Tralee Life Life In An Irish Town


Home Lunch

Another Sunday and another week has gone by. Today is day fourteen since Fred’s last cluster of seizures so we’re expecting something to happen any moment. It’s not something we’ve spoken of but both Lisa and I know it is coming and probably have been on alert since Wednesday. Fred likes to turn convention on its head and do things his way so you never know when he’ll succumb. The last couple of mornings I’ve woken thinking is this the day and tried to leave it at that, we have to live around the epilepsy not let it dominate us. Even when I was thinking on Friday of what beer I’d get in to keep me company when watching the Champions League Final Saturday evening , the thought struck me that a few months ago I wouldn’t even have planned a day ahead. There is a bit of confidence returning to our lives, just a little but enough to let us live a bit.

Fred’s return to school has contributed a lot to this. He’s getting on with life again, loving it and events that would have filled us with dread are losing a bit of their fear. This week he went up to the two hour mark in the mornings. This included the 10.30am break, what we used to call elevenses. This ten to fifteen minute break is also a time for the kids to have a snack, usually half a sandwich from what I can see. A good way to keep the kids sated till lunchtime and also to feed the kids who may have missed breakfast. So Monday was the first day of this break for Freddie, probably the first time he’d been in a school playground in four years. Lisa was on school duty and she was beside herself with worry. The small kids aren’t allowed run around much as the yard is small and there are a lot of kids, so at least the chance of Fred keeling over when playing tag was eliminated. Plus his SNA, Denise, the softest touch Fred could wish for, was to be with him at all times. These mornings she comes out to the car and walks him in and walks him out again at home time. So at 10.30 they all came out, Fred with his new friends Jayden, Joshua and Daniel along with the 100 or so other kids of Blennerville National School. Lisa was up to the high doh, trying not to be the mother hen but watching his every move from behind her Kindle. They played basketball and each time Denise’s head disappeared from view Lisa held her breath till it popped up again.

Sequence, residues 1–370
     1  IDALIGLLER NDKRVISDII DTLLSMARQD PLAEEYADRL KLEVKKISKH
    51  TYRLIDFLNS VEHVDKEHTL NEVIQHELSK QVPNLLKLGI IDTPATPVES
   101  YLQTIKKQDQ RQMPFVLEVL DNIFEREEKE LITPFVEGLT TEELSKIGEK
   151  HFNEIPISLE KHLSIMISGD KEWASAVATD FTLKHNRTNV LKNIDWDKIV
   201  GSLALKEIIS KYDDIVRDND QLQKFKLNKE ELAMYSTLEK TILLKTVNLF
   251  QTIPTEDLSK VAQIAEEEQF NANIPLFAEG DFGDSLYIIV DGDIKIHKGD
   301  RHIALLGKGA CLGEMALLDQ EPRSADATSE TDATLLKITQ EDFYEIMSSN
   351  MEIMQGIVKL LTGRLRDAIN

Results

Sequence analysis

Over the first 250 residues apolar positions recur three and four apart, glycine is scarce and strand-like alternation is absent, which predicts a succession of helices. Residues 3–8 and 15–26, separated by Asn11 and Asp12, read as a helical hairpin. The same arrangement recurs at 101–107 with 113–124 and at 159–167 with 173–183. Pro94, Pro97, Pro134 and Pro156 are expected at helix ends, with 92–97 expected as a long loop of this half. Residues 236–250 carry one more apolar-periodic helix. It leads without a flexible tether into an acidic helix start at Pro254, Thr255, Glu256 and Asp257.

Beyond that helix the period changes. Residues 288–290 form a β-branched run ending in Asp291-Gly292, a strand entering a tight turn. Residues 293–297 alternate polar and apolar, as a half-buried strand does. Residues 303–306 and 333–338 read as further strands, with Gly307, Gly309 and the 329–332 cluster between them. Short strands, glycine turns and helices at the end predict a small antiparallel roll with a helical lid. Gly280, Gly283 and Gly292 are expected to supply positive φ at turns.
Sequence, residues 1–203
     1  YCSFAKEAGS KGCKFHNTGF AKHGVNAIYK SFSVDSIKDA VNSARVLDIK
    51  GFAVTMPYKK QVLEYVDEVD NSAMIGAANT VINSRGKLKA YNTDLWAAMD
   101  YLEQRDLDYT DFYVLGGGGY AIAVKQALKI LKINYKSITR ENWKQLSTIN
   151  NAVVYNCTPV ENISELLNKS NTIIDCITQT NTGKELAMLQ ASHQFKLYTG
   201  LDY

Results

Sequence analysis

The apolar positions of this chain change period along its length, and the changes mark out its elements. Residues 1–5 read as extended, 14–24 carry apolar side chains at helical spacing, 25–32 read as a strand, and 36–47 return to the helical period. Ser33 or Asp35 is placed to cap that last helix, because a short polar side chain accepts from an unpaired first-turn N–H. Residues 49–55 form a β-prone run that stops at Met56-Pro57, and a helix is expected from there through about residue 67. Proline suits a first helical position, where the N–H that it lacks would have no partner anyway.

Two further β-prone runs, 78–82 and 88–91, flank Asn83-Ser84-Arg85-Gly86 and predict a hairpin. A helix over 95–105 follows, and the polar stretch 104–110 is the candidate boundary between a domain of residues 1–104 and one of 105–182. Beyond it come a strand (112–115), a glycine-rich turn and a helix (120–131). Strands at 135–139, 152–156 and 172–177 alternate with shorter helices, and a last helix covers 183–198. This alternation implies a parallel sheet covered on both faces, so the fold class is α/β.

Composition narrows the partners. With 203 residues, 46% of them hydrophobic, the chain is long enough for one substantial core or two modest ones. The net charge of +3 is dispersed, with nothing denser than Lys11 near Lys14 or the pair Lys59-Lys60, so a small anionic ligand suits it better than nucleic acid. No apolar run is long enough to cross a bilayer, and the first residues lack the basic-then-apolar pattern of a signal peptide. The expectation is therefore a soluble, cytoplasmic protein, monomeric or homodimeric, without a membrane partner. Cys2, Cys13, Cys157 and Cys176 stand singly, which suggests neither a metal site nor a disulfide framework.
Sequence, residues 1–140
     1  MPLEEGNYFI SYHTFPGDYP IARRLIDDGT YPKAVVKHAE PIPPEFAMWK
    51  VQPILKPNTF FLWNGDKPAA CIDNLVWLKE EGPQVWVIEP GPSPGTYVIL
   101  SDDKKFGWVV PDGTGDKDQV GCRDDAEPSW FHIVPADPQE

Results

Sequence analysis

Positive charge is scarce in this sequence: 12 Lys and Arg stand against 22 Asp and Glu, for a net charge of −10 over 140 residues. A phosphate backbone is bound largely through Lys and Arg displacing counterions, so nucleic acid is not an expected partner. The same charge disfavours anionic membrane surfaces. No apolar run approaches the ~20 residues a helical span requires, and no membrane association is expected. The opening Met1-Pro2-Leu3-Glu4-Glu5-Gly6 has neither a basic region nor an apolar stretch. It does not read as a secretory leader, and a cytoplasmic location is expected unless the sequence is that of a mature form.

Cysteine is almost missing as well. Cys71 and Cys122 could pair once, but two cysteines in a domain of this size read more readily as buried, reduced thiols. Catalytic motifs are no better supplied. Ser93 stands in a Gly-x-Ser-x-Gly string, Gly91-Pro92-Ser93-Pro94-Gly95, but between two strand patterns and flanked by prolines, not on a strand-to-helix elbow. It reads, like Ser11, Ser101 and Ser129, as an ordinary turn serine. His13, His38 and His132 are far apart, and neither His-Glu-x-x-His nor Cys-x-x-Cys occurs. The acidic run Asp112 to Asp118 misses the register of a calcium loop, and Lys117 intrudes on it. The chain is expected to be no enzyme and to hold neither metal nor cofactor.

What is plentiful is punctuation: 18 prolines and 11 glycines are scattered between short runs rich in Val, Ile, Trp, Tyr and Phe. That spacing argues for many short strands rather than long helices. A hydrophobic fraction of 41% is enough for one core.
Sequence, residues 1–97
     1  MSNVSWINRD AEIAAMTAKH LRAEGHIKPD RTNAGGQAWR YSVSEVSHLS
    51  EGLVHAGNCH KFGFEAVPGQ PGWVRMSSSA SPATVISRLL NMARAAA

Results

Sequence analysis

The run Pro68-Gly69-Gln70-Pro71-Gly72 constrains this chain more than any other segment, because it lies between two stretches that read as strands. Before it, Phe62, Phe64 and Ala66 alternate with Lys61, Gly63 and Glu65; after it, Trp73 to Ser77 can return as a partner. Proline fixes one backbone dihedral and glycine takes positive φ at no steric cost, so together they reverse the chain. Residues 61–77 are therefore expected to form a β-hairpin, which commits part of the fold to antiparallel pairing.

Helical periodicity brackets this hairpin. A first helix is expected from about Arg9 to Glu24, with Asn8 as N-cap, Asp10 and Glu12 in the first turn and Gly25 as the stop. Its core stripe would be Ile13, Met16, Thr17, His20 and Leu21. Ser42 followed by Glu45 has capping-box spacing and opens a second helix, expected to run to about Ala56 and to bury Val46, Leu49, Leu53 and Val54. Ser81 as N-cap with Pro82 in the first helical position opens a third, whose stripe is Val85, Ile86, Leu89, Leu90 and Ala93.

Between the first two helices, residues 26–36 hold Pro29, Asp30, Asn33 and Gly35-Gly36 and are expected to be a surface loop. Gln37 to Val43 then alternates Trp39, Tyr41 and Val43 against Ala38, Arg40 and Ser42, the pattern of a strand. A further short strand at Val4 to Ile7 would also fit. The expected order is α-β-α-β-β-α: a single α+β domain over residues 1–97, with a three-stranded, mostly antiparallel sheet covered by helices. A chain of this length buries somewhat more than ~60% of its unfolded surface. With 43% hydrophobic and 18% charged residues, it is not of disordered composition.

At home I was waiting, doing some work and trying to rationalise everything. When the two walked in a little before eleven I was at the door...Fred sauntered by, schoolbag on his back, laptop bag in his hand...

“Oh, Hi Dad,” he said in passing.

“How did you get on?”

“Oh, fine”

“Were you outside?

“Ya,” as if it was the most normal thing he’d ever done, which it should be, but hasn’t.

“Dad I was playing basketball!” he said, excited by the memory of it.

“With who?” I asked.

“Oh just Jayden, Daniel and Joshua.”

The first morning was over and it was such a relief that it went so normally, as if it was something he’s been doing for the last four years without thought. His poor mother followed from the car, not looking as carefree as Fred but glad too that another milestone has been passed. Fred was in the sitting room, taking off the uniform, that was over with for another day.

“Mum,” he shouted, “can I have my lunch?”

This was the beginning of another of Fred’s little phrases, another look at how Fred sees the world. As the week went on he’d go off with a sandwich and bottle of water each morning and then look for another lunch when he came home, as if the effort of school had him famished. Soon he came up with a term for it... “Home lunch” he said when I asked him Wednesday had he not eaten his lunch already he said “that was my school lunch now it’s time for my home lunch.” He’s some little man for his phrases.